As noted in Figure 1, we collected 24-month follow-up data on 314 participants (86.0%), and 350 (95.9%) completed at least 1 follow-up assessment. During the study, 71 participants (19.5%) were hospitalized (35 from the usual care group and 36 from the intervention group). Blood pressure alerts followed American Heart Association guidelines and were equally distributed (12 from the usual care group and 12 from the intervention group). Depression alerts followed the Patient Health Questionnaire39 (scores ≥20) (8 from the usual care group and 11 from the intervention group).
The primary intent-to-treat analysis was based on the mean difference in weight between treatment arms at 24 months, after adjusting for sex and health center. We estimated mixed-effects regression models with Proc Mixed (SAS Institute, Inc) (see eMethods for full analytic models) using a random intercept and an unstructured covariance matrix. All 365 participants are included in the primary outcomes analysis, including 15 participants (4.1%) who had only a baseline assessment. Participants with missing visits are treated as missing at random. In addition, 1 participant (0.3%) was censored for reported bariatric surgery. We also compared the difference in weight during the 24-month study period between arms, estimated by the area under the receiver operating characteristic curve (AUC), calculated as follows:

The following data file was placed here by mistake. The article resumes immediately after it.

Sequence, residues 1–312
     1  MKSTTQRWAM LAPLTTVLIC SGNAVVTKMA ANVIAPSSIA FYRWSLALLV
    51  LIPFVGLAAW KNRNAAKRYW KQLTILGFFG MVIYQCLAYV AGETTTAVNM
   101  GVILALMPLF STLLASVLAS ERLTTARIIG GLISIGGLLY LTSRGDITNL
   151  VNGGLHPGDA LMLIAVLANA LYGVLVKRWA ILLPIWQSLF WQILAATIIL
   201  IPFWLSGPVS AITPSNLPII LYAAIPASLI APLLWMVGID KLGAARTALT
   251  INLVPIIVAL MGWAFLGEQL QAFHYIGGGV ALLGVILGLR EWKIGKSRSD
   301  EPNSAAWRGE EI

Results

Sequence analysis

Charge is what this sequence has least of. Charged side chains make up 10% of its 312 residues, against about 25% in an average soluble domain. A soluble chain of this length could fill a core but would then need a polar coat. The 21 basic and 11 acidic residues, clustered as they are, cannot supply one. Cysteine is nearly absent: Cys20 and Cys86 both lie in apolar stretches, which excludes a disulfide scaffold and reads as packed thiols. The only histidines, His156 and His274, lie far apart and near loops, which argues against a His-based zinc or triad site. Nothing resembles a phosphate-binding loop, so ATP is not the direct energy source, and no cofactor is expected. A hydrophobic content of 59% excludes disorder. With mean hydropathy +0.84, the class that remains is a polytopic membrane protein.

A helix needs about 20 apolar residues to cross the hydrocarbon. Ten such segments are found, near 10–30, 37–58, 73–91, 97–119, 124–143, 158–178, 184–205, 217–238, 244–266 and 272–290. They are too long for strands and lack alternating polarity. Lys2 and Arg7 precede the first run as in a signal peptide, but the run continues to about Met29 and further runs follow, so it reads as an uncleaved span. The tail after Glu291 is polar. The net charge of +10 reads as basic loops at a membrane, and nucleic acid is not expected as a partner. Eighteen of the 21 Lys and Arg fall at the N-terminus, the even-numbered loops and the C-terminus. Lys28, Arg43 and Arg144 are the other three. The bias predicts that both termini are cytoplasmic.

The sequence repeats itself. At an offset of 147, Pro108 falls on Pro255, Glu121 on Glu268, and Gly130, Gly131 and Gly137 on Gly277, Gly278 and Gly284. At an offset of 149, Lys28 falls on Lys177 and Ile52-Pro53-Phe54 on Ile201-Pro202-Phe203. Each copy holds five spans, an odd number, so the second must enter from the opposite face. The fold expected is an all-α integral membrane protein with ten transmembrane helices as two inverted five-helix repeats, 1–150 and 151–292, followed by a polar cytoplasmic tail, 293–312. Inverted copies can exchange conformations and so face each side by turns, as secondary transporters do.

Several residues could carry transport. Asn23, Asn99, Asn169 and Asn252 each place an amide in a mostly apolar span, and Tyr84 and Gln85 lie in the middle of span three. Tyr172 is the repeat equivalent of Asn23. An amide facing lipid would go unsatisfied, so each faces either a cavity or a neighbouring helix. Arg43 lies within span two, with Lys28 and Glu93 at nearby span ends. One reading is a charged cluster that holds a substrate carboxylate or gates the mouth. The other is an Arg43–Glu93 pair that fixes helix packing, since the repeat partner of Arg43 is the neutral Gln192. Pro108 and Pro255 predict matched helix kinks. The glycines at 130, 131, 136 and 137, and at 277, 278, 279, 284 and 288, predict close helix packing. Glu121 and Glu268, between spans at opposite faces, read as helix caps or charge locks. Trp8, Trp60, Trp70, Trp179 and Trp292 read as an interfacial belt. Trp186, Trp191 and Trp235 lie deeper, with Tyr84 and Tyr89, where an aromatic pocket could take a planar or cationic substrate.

AUC = mean (all available weights at 6, 12, 18, and 24 months) − baseline weight.
This measure was available for 350 participants (95.9%). The mixed-effects and AUC analyses were also performed for percent weight change, body mass index, and blood pressure. We used mixed-effects models with additional adjustment for baseline blood pressure to examine change in hypertension medication adherence.
Because the treatment effect for blood pressure appeared to increase over time, we also fit mixed models examining the different rates of SBP and diastolic blood pressure (DBP) change between intervention and usual care arms. Finally, we compared blood pressure control (SBP <140 and DBP <90 mm Hg) between intervention and usual care groups using generalized estimating equation models with Proc Genmod (SAS Institute, Inc) using a logistic link, a binomial distribution, and an unstructured covariance matrix.
The trial was designed to provide 80% power to detect a mean weight change in 24 months of 2.75 kg in the intervention arm, assuming no weight change in usual care.